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Sir Harrison Paul Birtwistle CH (born 15 July 1934) is a British contemporary composer.

Life

Birtwistle was born in Accringtonmarker in Lancashire and in 1952 entered the Royal Manchester College of Musicmarker in Manchestermarker on a clarinet scholarship. While there he met fellow composers Peter Maxwell Davies and Alexander Goehr, who, together with pianist John Ogdon and conductor Elgar Howarth, formed the New Music Manchester group, dedicated to the performances of serial and other modern works.

Birtwistle left the college in 1955 then studied at the Royal Academy of Musicmarker and afterwards made a living as a schoolteacher. In 1965 a Harkness Fellowship gave him the opportunity to continue his studies in the United Statesmarker[24166] and he decided to dedicate himself to composition.

In 1975 Birtwistle became musical director of the newly established Royal National Theatremarker in London, a post he held until 1983. He has been honoured with a knighthood (1988) and as a Companion of Honour (2001). From 1994 to 2001 he was Henry Purcell Professor of Composition at King's College Londonmarker.

At the 2006 Ivor Novello Awards he criticised pop musicians at the event for performing too loudly and using too many clichés. [24167]

Style

It would not be easy to categorize or fit Birtwistle into any sort of 'school' or 'movement'. For a time he would be referred to as a part of the 'Manchester School', a phrase invented as a parallel to the Second Viennese School to refer to Birtwistle, Goehr and Maxwell Davies. The phrase has since fallen out of use, however, since the three composers were united only by their early studies in Manchester, not by musical style. His music is complex, written in a modernistic style with a clear, distinctive voice. His early work is sometimes evocative of Igor Stravinsky and Olivier Messiaen (composers he has acknowledged as influences) and his technique of juxtaposing blocks of sound is sometimes compared to Edgard Varèse. His early pieces made frequent use of ostinati and often had a ritualistic feel. These have been toned down in recent decades as he has adapted and transformed the techniques into more subtle methods. With its strong emphasis on rhythm, the music is often described as brutal or violent, but this analysis mistakes the strong sound world for an attempt to evoke violent actions. The explicit violence of his first opera Punch and Judy — in which the murder of Judy by her husband is so much more shocking when performed live on stage rather than by glove puppets in the classic British seaside entertainment — can easily be misinterpreted as a clue to the intention of his abstract music. The style is stark and uncompromising.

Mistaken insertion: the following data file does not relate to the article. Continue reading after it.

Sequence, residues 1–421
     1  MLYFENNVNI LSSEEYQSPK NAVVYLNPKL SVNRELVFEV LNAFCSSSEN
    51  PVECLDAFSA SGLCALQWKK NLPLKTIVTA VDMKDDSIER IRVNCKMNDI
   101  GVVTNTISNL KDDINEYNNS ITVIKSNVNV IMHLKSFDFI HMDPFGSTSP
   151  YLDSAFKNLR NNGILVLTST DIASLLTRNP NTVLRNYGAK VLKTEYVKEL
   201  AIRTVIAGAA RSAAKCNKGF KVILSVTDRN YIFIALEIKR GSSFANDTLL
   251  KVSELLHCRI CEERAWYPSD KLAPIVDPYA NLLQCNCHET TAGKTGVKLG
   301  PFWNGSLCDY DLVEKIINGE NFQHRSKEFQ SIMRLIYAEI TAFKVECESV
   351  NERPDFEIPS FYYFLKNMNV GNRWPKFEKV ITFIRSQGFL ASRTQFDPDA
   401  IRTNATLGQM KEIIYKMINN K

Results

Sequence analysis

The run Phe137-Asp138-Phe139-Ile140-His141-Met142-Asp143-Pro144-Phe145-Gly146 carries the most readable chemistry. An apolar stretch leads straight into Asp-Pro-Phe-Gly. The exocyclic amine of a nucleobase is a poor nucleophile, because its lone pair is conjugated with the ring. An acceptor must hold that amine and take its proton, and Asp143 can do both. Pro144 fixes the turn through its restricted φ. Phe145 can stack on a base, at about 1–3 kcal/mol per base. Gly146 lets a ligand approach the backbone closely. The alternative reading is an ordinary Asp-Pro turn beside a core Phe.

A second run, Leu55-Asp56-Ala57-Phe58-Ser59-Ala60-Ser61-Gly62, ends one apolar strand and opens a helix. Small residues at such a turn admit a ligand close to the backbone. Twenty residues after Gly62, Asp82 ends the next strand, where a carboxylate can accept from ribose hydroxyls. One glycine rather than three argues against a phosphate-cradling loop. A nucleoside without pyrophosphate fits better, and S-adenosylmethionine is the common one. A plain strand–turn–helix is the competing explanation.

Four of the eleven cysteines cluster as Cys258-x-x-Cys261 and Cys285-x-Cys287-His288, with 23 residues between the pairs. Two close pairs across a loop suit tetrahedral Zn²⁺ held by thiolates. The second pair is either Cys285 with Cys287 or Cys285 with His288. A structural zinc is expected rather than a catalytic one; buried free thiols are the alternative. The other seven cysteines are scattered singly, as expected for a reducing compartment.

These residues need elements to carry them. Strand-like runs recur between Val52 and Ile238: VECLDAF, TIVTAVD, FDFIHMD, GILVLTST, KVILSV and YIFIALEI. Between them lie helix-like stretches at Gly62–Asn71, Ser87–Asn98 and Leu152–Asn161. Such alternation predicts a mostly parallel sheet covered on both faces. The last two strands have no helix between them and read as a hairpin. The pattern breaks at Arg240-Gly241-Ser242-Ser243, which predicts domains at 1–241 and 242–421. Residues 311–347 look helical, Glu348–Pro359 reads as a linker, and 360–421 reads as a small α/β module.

His favourite image for explaining how his pieces work is to compare them to taking a walk through a town—especially the sort of small town more common in continental Europe than Great Britain; such a walk might start in the town square. Having explored its main features, we would set off down one of the side streets. As the walk continues, we might glimpse the town square down different streets, sometime a long way off, other times quite close. We may never return to the square in the rest of the walk or we may visit a new part of it that was not explored initially. Birtwistle suggests that this experience is akin to what he does in the music. His image conveys the way that a core musical idea is altered, varied and distorted as the piece of music progresses. The core music forms a reference point to which everything else is directed, even when we are walking in a completely different direction. Sometimes we will be less aware that it is the same musical material we are hearing; sometimes we may have been listening for a while before realising that we have heard this music before (just as one might have been looking up the street before realising that it is the town square that can be glimpsed through the traffic). He is not, therefore, suggesting that we imagine this walk through the town as a literal explanation of what is happening in the music; he does not 'recreate' the effect in the music (as Charles Ives does in some of his orchestral pieces).

An early variant of this technique involved literally cutting up the music, the most blatant example being Verses for Ensembles. Having composed a portion of music, Birtwistle would then cut it arbitrarily into a number of sections, which he then rearranged randomly. He would then add introductions, epilogues and music to link them together. This method was intended to give the whole piece unity, by having musical material with its own inner coherence scattered amongst musical material that still related to the core material but did not necessarily relate to itself.